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Government Definition of "Eating Healthy" May Soon Be Driven By Environmentalism

If someone were to ask what it means to eat healthily, you might respond that it's about managing the proteins, carbohydrates, fats, salts, vitamins and other essential nutrients of food that you put into your body.

Environmentalists would say you'd be wrong.

A new movement is pushing the federal government to change their standards of what "eating healthily" means to include what's best for the environment, not necessarily what's best for you to put into your body. Under guidelines like this, eating lean meats would be de-emphasized because farming meat is really terrible for the environment, even if actually eating lean meats is really good for you.

As the Associated Press reports:

An advisory panel to the Agriculture and Health and Human Services Departments has been discussing the idea of sustainability in public meetings, indicating that its recommendations, expected this month, may address the environment. The two departments will take those recommendations into account as they craft the final dietary guidelines, expected by the end of the year.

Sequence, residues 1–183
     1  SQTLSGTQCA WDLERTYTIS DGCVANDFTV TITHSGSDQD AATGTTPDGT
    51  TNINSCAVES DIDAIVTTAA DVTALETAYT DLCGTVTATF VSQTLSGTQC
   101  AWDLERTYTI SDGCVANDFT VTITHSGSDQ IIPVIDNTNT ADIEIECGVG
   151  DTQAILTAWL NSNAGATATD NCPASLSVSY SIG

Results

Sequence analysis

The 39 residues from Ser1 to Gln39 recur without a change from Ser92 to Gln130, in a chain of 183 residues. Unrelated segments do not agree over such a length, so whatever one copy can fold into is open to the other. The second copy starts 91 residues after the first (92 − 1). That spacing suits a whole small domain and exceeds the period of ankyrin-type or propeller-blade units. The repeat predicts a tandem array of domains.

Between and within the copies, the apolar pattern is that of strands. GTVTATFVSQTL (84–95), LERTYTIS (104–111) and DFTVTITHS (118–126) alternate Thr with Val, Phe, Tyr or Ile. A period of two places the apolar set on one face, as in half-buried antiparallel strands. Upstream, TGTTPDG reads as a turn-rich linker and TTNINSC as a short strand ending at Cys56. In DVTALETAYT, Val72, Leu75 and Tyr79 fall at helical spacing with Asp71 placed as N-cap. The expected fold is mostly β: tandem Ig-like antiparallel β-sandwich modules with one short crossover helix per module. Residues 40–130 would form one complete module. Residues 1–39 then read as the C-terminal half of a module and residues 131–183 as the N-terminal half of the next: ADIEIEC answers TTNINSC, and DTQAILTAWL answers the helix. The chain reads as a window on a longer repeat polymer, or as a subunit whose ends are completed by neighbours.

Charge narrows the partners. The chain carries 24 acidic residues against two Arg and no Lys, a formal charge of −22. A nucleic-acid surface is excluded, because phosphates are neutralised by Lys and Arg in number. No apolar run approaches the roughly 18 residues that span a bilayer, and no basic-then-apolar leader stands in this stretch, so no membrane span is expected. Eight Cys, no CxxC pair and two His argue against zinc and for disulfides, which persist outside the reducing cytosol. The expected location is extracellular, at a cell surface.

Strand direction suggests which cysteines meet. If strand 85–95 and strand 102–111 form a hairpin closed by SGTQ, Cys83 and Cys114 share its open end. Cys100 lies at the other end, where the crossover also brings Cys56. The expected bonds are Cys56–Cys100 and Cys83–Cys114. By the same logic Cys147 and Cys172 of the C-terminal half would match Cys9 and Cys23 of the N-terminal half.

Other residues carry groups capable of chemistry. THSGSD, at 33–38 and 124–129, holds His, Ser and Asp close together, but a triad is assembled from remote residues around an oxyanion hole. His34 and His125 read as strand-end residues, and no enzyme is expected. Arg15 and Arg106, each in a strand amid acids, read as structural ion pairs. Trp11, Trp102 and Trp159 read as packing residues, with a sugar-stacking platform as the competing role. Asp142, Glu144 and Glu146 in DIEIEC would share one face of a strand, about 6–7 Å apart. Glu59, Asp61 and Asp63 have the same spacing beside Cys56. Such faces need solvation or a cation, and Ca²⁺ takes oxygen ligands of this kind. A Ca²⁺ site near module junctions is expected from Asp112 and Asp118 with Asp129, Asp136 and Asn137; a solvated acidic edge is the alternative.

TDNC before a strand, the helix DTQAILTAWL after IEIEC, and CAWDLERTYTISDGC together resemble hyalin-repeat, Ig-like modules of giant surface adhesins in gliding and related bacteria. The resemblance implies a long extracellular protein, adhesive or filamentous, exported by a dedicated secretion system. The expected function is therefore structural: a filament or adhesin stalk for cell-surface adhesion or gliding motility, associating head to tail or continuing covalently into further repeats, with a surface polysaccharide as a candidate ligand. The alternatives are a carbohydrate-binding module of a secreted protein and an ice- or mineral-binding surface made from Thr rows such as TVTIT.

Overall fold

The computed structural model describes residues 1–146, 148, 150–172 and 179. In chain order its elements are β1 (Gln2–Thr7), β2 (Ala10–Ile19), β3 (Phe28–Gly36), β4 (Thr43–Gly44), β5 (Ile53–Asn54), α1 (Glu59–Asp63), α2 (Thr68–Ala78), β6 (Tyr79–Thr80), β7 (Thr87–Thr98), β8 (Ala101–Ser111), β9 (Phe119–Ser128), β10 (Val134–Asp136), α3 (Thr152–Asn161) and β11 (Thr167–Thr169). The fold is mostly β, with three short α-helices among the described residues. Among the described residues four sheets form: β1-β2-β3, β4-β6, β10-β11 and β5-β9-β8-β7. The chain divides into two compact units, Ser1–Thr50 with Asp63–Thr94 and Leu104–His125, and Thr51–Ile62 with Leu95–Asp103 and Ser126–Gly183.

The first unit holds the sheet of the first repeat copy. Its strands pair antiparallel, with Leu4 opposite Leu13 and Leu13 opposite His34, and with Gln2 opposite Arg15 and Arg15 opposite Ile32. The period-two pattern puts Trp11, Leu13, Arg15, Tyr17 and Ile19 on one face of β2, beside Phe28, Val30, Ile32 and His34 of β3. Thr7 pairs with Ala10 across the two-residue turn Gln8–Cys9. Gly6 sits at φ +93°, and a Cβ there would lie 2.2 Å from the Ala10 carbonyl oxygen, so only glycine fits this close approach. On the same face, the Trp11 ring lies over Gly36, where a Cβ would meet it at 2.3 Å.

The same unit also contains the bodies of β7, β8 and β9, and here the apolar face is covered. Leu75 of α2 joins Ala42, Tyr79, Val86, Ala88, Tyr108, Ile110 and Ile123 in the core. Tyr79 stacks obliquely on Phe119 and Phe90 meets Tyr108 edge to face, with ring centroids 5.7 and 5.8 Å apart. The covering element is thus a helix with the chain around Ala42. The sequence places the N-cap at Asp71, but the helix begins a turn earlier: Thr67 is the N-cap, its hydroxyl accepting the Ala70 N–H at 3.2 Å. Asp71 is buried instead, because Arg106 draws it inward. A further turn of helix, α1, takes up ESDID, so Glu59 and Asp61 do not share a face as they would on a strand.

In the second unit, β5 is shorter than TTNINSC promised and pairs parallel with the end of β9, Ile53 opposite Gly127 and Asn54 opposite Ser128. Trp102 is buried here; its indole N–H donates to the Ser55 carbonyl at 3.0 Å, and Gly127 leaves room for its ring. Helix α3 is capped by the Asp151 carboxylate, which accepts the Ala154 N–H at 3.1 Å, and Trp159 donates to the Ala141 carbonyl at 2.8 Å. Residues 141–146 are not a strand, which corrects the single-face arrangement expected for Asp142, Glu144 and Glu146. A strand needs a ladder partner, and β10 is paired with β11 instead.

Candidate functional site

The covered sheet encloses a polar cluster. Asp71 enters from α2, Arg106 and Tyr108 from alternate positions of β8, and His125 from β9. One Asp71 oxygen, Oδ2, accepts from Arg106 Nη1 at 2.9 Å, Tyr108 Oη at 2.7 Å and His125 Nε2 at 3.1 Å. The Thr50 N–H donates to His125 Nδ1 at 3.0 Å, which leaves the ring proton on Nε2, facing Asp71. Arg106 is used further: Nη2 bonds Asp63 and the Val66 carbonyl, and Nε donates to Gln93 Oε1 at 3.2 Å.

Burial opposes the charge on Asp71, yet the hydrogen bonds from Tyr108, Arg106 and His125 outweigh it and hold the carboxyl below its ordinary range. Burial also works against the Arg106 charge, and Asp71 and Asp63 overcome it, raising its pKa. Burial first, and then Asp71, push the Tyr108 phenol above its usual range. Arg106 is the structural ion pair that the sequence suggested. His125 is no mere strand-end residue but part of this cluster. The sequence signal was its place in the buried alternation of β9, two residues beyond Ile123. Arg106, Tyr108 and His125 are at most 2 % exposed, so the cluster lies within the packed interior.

A draft recommendation circulated by the advisory committee in December said a sustainable diet helps ensure food access for both the current population and future generations. A dietary pattern higher in plant-based foods and lower in animal-based foods is "more health promoting and is associated with lesser environmental impact than is the current average U.S. diet," the draft said.


While it might be true that the average American diet includes too much meat in it, that's not because it's bad for the environment - it's because the nutritionally correct diet should be a little more balanced. As absurd as it might be to have government dietary standards at all, they should be about nutrition - not about what's best for the environment.


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